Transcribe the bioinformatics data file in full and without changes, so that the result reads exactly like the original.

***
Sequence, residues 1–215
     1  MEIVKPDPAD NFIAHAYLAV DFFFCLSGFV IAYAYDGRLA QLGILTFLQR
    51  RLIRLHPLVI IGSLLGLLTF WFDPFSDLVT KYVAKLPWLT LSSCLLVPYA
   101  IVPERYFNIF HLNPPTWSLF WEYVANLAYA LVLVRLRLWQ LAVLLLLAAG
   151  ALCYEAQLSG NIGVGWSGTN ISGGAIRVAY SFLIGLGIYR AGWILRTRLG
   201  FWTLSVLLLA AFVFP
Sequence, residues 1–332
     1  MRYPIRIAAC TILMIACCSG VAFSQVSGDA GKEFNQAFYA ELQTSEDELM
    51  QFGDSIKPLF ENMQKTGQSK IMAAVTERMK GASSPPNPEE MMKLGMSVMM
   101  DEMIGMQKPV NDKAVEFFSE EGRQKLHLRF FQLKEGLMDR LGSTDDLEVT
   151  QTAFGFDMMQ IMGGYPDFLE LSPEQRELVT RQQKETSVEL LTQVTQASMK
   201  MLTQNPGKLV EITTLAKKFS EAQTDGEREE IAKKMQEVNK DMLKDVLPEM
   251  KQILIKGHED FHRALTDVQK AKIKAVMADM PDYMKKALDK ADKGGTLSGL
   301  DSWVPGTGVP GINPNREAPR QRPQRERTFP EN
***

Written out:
Sequence, residues 1–215
     1  MEIVKPDPAD NFIAHAYLAV DFFFCLSGFV IAYAYDGRLA QLGILTFLQR
    51  RLIRLHPLVI IGSLLGLLTF WFDPFSDLVT KYVAKLPWLT LSSCLLVPYA
   101  IVPERYFNIF HLNPPTWSLF WEYVANLAYA LVLVRLRLWQ LAVLLLLAAG
   151  ALCYEAQLSG NIGVGWSGTN ISGGAIRVAY SFLIGLGIYR AGWILRTRLG
   201  FWTLSVLLLA AFVFP
Sequence, residues 1–332
     1  MRYPIRIAAC TILMIACCSG VAFSQVSGDA GKEFNQAFYA ELQTSEDELM
    51  QFGDSIKPLF ENMQKTGQSK IMAAVTERMK GASSPPNPEE MMKLGMSVMM
   101  DEMIGMQKPV NDKAVEFFSE EGRQKLHLRF FQLKEGLMDR LGSTDDLEVT
   151  QTAFGFDMMQ IMGGYPDFLE LSPEQRELVT RQQKETSVEL LTQVTQASMK
   201  MLTQNPGKLV EITTLAKKFS EAQTDGEREE IAKKMQEVNK DMLKDVLPEM
   251  KQILIKGHED FHRALTDVQK AKIKAVMADM PDYMKKALDK ADKGGTLSGL
   301  DSWVPGTGVP GINPNREAPR QRPQRERTFP EN